Another day, another new graf book. Can anyone else recall when there were only a handful of books on the subject? ‘Subway Art’, ‘Spraycan Art’… a few obscurities from the ’70s and early ’80s… and a small selection of foreign language books. That was about all my library consisted of, at least until the early ’90s. In the past couple of years there have been some substantial publications, at last moving back to the hardcore graf subject as opposed to art gallery catalogues and stencil guides. There’s been some serious horseshit put onto the bookshelves in the past 10 years, so it’s nice to see a return to quality again.
And, on the topic of quality, we’ve got ‘London Burners’ here. I only found out about this book when Amazon threw it up as a suggestion based on my previous purchases. With so much crap out there, my interest in graf books has waned slightly over the past few years, but this one seemed to stand out above the torrent of street art nonsense that was presented to me. The cover alone – daytime full-colour Tube panels – had me nudging towards the virtual shopping basket.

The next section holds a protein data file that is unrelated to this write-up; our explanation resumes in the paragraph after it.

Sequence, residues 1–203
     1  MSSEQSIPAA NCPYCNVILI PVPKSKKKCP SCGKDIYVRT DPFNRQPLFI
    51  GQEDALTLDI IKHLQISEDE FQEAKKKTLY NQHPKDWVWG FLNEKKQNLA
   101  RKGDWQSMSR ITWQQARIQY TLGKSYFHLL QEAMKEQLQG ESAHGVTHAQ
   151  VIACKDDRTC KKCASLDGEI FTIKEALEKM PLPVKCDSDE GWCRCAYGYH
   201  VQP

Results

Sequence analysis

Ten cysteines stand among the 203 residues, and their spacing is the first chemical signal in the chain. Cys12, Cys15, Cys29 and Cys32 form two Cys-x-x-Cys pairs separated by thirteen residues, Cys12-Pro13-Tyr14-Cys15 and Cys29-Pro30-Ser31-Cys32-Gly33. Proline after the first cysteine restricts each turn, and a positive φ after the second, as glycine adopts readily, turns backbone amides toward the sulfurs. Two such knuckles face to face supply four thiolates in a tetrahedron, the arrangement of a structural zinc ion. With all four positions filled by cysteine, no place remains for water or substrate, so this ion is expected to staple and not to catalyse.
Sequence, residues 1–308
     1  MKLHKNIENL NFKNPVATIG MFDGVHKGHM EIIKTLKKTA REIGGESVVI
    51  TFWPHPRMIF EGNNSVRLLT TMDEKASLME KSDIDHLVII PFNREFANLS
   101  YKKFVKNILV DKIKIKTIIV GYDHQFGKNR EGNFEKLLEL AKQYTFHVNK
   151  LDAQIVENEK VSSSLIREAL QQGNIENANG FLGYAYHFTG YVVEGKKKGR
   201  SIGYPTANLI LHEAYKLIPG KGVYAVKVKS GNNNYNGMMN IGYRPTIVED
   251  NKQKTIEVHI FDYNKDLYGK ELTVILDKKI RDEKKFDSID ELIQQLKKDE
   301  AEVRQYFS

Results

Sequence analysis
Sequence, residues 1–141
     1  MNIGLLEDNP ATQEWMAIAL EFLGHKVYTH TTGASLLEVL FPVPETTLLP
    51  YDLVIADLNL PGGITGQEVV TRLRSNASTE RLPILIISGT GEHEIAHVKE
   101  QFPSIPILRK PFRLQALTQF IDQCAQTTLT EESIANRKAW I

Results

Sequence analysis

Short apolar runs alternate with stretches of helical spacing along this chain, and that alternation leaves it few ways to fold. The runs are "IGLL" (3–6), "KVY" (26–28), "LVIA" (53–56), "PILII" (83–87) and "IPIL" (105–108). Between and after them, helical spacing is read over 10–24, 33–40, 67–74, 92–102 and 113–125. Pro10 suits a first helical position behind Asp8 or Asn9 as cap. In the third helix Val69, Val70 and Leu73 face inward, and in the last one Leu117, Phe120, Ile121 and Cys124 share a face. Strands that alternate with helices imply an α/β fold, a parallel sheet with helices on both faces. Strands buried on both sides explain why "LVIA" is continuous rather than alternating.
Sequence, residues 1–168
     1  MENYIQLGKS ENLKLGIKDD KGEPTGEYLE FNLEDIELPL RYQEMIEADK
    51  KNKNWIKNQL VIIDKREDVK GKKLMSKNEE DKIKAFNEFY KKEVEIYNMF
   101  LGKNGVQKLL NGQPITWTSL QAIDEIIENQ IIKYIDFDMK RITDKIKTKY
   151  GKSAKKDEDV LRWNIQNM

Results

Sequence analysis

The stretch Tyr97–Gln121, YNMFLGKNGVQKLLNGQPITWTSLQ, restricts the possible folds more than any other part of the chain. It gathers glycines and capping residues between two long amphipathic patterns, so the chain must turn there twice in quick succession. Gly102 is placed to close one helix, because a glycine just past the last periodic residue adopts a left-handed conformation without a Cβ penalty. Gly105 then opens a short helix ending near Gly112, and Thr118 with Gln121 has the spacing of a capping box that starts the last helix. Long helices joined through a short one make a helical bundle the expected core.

The publisher’s blurb on the back cover sells the book as a ‘photographic project’, which is true to a certain extent. But whilst the photos are pretty consistently good throughout, it’s the graf inside that will have you drooling. No wall pieces, no pages wasted on crew poses or paraphernalia: it’s almost 100% pure London train action. Plenty of action shots are included, but the bulk of the imagery inside consists of pure train panels. Steel, steel, steel throughout.
It’s a fairly concentrated representation of the London graf community – one main crew dominates the majority of the content – but that’s no bad thing, as the pieces on the whole are top notch and haven’t been plastered in other books or magazines. The text in the book is minimal, preferring to have a few pages of missions, chases and opinions rather than in-depth interviews or profiles – but what’s included is cool to read.
Another worthy addition to your bookshelves, ‘London Burners’ will sit nicely between Crack & Shine and London Handstyles as the spotlight on homegrown graf continues to shine. At around £12 from various online places, you’re much better off spending the money on this book rather than a £15 ‘graffiti magazine’.
Now, where’s Skore’s book got to?
Filed Under: Reviews